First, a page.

That feeling when you have two different book stories developing parallelly in your head, but can’t write either. And that’s on good days. On bad days, there are five of them. Plus-minus.
They were talking about all the bad habits of ‘sekkachi’ (impatient, restless, rash) people on the TV, of how they (we) constantly think of ‘what’s ahead’ and keep skipping over what is going right now… When you put it in words like that, that’s a nasty way to live.
But then, when you’re made that way it’s not like you can really change the way your brain works. These things are not just ‘personality’ you can ‘fix’, they are built in into your structure. (Even if you think it’s possible to fix it from within, it would require a lot of patient work on yourself, and thus it becomes a loop of impossible–to get the thing you need you need to already have the same thing in the first place.) And the only thing the ‘professors’ could recommend for fixing it is ‘to get fat’…because apparently big and fat animals are slower and more patient, and slow metabolism will help slow down your brain… (It’s better to not look at this sentence too closely.)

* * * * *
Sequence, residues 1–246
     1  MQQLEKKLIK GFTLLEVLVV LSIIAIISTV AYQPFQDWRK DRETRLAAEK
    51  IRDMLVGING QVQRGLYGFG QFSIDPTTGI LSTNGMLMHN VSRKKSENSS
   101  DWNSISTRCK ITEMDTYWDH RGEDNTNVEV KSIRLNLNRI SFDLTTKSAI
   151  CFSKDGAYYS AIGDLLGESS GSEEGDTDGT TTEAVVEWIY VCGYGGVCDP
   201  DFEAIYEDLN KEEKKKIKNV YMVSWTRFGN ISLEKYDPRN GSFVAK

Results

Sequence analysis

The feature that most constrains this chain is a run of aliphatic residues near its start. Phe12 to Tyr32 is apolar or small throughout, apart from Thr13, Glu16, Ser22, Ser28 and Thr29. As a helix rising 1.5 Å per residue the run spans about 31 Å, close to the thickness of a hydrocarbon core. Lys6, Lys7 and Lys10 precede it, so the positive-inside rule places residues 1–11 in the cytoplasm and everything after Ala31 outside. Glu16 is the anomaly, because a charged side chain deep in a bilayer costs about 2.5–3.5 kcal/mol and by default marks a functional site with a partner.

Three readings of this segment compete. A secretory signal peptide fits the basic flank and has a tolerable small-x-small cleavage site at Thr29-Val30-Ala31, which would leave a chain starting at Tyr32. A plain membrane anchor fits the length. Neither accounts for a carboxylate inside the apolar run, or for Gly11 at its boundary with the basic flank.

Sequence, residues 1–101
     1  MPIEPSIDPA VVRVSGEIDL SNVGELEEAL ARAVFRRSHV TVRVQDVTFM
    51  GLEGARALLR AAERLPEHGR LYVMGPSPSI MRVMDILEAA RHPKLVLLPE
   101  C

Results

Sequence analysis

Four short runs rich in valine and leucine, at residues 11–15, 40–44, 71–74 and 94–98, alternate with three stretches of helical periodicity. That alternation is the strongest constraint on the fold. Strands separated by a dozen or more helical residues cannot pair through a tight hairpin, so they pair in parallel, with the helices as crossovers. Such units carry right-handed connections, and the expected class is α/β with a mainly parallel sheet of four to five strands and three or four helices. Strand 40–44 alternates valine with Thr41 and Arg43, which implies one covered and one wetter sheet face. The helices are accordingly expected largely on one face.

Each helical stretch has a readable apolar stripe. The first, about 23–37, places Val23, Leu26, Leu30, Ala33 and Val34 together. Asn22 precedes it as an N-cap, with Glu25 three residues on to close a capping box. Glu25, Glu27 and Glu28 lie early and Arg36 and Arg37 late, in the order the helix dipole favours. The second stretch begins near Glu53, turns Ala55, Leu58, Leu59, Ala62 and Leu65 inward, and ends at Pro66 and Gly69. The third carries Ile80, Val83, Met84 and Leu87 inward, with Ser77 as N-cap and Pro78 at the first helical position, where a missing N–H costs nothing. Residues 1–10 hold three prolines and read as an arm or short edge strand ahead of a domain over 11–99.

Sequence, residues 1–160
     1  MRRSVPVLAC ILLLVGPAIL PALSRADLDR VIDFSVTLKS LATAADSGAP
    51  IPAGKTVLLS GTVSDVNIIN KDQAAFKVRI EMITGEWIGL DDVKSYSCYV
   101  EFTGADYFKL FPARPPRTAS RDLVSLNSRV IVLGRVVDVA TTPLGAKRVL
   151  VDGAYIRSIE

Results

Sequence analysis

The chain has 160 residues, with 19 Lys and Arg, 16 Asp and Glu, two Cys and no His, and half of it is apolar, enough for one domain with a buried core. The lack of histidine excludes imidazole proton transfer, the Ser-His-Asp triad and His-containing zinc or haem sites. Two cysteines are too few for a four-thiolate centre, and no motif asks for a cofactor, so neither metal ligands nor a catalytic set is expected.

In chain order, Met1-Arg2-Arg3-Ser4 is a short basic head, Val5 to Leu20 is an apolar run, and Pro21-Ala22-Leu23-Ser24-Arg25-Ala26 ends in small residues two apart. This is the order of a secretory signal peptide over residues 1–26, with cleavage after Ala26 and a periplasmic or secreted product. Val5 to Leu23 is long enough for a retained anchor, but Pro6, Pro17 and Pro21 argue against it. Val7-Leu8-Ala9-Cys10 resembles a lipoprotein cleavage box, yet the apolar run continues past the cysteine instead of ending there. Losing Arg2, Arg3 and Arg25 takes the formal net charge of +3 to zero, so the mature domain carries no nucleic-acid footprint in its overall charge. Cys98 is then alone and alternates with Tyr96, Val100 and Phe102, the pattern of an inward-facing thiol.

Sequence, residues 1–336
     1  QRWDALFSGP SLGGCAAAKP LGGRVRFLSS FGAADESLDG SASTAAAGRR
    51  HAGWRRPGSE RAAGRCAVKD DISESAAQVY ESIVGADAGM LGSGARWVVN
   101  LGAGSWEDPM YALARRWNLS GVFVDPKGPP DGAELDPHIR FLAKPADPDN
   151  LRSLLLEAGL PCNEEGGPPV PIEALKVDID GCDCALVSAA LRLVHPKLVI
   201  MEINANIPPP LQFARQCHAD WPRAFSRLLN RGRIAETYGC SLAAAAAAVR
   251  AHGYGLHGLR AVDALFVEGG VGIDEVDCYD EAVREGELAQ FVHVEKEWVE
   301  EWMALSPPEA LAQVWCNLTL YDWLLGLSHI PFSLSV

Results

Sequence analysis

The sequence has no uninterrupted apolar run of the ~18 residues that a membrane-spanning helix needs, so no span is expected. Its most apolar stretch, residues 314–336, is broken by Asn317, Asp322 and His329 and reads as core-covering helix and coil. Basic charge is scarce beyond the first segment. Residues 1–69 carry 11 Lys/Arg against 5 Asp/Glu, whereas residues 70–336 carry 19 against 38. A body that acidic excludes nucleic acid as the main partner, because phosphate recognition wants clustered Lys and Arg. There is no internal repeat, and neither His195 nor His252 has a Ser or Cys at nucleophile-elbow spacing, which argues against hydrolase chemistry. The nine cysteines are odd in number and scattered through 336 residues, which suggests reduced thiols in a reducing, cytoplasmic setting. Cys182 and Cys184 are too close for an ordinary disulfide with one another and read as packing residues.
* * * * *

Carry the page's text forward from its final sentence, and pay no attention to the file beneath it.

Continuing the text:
But all this reminds me very painfully of all my book projects where I have written the beginning and some ‘important plot parts’ and climaxes, but can’t find any patience to sit down and write everything that comes in between.
I keep going back to school in my dreams. Tonight, though, I also moved to Australia to become a singer. And go back to school.
Me: planning things to do on Saturday, what to watch, what to watch after that, clean while watching, take out the trash, maybe play some DSIII sometime before evening, try to write some more for that story I’ve been focusing on last couple of weeks…